When attaching a sling to eye bolts, always pull on line with the bolt axis. When hitching to bolts screwed into or affected to a load, a side pull may break the bolts.
Use a shackle in the sling eye during a choke to protect sling body against excessive distortion. Always put shackle pin through sling eye rather than against the sling body—since sliding movement of sling body could rotate pin, causing it to come loose.
A sliding hook choker is superior to a shackle or unprotected eye, since it provides a greater bending radius for the sling body.
Use blocking or padding to protect hollow vessels, loose bundles and fragile items from scuffing and bending. Remember that blocking becomes part of the lift, and must be added to total weight of the sling.
When lifting crates or wooden boxes with a basket hitch, be sure load can withstand side pressure as tension is applied to sling. Use spreader bars and corner protectors to prevent damage to contents.
When lifting a bundled load with a single sling near the center of gravity, a choke is more effective than a basket hitch to prevent unbalance and slipping of the load in the sling.
Some riggers will use a double wrap around the load, for 360° gripping of the load, to prevent slippage during the lift.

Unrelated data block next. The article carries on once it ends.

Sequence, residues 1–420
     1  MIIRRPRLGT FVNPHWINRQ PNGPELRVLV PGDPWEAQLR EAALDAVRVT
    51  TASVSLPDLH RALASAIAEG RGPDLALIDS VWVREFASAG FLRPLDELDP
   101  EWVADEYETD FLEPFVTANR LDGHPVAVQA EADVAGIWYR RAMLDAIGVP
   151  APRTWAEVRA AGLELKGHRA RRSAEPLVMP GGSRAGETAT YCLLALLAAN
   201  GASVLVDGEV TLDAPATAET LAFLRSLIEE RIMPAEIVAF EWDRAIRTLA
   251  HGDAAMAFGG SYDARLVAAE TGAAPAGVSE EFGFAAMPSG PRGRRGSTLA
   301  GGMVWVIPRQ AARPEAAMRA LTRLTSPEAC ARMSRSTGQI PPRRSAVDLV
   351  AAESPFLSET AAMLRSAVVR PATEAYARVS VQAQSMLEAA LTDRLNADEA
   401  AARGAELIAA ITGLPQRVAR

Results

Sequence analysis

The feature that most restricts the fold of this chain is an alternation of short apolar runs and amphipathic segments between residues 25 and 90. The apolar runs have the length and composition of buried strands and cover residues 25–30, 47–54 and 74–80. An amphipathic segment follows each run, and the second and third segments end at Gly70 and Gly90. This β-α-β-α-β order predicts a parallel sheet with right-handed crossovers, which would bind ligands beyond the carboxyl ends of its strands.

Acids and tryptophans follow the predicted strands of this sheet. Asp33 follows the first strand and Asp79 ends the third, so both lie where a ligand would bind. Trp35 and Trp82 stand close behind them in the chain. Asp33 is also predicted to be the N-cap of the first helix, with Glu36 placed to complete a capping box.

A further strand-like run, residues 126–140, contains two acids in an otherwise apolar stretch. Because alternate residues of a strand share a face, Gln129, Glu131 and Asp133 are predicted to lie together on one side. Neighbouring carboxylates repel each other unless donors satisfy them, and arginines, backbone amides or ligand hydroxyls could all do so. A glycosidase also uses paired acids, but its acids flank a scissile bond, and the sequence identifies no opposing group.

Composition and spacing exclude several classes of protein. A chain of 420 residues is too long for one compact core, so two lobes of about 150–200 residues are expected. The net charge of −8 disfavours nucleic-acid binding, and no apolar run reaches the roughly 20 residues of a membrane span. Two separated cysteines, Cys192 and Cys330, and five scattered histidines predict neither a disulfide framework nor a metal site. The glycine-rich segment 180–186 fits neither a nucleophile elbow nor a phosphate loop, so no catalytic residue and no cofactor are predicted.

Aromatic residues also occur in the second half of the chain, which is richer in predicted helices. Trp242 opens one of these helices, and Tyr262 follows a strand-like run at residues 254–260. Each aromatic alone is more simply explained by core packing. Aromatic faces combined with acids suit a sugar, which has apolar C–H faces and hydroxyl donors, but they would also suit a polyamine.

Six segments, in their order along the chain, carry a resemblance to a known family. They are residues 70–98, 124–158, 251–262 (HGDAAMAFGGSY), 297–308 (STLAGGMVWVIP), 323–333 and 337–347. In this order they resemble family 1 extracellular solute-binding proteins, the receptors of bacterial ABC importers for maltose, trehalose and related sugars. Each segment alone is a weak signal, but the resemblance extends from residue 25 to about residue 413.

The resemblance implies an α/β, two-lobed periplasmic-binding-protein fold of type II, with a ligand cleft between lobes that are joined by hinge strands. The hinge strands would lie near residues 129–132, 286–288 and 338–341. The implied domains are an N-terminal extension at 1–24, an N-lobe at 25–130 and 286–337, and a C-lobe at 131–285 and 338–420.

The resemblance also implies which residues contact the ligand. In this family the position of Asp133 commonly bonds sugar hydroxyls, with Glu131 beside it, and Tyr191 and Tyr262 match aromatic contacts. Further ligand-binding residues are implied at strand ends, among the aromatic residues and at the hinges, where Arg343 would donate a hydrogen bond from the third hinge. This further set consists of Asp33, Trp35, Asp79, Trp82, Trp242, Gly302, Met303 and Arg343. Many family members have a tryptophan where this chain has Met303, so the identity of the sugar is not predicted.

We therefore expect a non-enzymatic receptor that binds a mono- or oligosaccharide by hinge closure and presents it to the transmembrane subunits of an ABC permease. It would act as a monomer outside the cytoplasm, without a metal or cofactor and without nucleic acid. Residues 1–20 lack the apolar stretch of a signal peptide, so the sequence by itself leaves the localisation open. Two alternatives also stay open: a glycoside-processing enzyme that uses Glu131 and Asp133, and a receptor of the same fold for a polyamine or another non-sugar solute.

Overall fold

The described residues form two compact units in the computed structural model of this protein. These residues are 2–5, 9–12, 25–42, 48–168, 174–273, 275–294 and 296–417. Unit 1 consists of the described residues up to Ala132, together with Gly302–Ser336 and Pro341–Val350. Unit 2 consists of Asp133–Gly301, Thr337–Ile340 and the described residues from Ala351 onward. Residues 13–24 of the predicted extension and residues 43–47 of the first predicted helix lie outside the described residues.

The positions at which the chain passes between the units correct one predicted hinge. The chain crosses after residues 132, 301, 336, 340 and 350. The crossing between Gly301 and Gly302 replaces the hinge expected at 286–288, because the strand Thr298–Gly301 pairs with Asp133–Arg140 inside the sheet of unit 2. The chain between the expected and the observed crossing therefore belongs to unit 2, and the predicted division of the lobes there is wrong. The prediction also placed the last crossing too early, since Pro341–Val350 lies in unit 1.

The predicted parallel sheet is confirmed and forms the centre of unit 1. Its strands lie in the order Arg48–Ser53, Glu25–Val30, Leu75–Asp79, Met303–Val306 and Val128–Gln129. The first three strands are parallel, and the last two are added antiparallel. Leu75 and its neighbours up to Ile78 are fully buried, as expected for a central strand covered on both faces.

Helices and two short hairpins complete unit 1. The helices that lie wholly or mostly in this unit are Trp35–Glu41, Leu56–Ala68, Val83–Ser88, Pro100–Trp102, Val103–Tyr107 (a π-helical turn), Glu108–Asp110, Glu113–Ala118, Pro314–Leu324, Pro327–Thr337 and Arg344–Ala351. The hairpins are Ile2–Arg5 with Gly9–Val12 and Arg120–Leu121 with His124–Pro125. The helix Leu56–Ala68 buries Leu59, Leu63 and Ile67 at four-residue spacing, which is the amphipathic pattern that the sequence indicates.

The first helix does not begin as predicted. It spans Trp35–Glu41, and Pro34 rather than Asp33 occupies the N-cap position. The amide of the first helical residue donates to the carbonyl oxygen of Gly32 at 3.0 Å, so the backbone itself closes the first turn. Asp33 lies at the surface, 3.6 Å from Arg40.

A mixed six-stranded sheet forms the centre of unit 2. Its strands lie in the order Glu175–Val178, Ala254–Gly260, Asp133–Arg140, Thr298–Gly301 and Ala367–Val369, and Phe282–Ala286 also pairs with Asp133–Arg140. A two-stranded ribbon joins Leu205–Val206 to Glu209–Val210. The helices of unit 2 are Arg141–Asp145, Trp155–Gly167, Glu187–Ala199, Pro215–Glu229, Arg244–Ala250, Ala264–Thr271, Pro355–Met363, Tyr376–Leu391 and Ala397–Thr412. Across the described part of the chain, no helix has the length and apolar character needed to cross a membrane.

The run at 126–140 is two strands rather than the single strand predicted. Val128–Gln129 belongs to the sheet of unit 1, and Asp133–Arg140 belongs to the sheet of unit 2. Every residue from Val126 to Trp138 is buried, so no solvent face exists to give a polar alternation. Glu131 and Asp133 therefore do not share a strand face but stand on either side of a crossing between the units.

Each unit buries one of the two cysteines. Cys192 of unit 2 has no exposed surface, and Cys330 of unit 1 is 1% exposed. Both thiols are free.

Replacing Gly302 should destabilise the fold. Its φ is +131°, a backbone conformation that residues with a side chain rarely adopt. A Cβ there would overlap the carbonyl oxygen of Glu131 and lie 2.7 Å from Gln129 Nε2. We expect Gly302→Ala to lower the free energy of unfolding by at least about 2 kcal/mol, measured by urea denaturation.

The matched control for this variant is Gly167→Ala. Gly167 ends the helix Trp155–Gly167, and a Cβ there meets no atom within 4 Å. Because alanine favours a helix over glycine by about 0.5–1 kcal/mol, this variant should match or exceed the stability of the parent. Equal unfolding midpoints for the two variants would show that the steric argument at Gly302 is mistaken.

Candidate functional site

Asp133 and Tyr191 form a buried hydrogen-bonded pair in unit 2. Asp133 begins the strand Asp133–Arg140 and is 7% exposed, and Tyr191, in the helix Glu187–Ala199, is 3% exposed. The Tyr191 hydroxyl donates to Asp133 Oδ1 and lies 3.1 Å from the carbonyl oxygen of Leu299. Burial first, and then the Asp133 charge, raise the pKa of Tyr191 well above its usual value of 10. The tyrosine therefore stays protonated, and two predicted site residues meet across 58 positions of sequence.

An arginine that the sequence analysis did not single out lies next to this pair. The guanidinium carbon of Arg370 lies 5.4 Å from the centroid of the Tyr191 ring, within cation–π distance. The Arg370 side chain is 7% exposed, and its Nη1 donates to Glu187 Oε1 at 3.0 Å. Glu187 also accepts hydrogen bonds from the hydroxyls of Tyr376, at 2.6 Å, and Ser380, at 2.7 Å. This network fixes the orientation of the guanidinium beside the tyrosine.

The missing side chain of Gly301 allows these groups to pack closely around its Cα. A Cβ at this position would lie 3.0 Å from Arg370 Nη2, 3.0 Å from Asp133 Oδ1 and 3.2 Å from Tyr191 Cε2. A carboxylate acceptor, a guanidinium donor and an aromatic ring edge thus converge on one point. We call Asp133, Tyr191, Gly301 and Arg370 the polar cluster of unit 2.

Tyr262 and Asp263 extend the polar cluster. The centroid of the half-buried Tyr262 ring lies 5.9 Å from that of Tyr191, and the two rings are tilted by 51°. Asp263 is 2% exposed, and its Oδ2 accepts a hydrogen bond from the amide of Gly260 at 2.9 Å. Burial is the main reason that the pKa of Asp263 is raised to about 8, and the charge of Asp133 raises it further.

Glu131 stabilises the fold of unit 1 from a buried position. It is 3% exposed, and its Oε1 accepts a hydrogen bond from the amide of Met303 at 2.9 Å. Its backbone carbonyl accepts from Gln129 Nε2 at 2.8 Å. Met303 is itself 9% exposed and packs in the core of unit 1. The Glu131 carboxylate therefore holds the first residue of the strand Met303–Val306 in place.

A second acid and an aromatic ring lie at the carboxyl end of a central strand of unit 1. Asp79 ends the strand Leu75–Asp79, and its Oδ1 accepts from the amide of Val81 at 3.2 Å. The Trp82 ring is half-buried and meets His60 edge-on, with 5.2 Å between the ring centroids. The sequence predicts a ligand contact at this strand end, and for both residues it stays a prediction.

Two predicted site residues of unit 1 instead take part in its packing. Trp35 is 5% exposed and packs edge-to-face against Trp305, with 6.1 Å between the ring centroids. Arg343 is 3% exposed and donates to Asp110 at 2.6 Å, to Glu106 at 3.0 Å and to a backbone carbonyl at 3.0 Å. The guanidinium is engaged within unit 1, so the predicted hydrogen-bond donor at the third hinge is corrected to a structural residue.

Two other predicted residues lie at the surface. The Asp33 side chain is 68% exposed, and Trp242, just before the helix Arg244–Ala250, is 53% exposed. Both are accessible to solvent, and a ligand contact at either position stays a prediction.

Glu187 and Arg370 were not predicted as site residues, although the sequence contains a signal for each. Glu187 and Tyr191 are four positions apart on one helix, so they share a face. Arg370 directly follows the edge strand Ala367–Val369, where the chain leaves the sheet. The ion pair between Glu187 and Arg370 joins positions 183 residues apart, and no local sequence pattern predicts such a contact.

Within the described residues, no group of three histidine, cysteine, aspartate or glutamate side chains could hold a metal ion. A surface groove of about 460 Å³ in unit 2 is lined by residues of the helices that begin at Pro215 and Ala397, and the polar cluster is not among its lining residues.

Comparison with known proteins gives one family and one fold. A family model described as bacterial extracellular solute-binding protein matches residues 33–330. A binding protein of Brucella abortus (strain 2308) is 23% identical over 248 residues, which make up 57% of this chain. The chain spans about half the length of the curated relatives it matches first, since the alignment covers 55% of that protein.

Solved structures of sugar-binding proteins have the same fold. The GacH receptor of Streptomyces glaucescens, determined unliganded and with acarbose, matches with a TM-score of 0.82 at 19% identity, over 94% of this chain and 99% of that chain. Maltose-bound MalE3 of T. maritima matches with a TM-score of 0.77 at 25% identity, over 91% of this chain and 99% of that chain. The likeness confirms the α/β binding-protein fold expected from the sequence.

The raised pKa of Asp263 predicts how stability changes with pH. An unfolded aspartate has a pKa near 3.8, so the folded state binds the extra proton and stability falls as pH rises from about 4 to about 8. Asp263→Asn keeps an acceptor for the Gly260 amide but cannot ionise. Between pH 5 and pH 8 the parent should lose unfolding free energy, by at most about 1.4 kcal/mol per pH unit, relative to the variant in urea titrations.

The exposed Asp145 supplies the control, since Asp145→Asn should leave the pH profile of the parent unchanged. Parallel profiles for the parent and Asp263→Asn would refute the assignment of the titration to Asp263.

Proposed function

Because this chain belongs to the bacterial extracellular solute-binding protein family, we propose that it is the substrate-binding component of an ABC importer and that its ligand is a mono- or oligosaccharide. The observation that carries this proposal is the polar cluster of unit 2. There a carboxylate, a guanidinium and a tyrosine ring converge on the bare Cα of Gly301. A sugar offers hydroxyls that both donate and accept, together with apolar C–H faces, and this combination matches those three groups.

You can reduce the angle of a choke with a wooden block between the hitch and the load. This also increases the angle between the two legs to improve sling efficiency.
When rigging two or more straight slings as a bridle, select identical sling constructions of identical length—with identical previous loading experience. Normal stretch must be the same for paired slings to avoid overloading individual legs and unbalancing the load during the lift.
Single-part hand-spliced slings must not be permitted to rotate when rigged in a straight, vertical hitch. Rotation can cause the splice to unlay and pull out, resulting in dropping of the load.
WARNING: Hand-spliced slings should not be used in lifts where the sling may rotate and cause the rope to unlay.
Anytime a load is lifted beyond arm’s reach with a single-part load line or straight eye-and eye sling, use a tagline to prevent load rotation. If a wire rope is permitted to rotate, the strands may unlay and the rope’s capacity will be reduced.
Two basket hitches can be rigged with two slings to provide better balance for long loads. Be sure that slings cannot side towards one another along the load when the lift is made.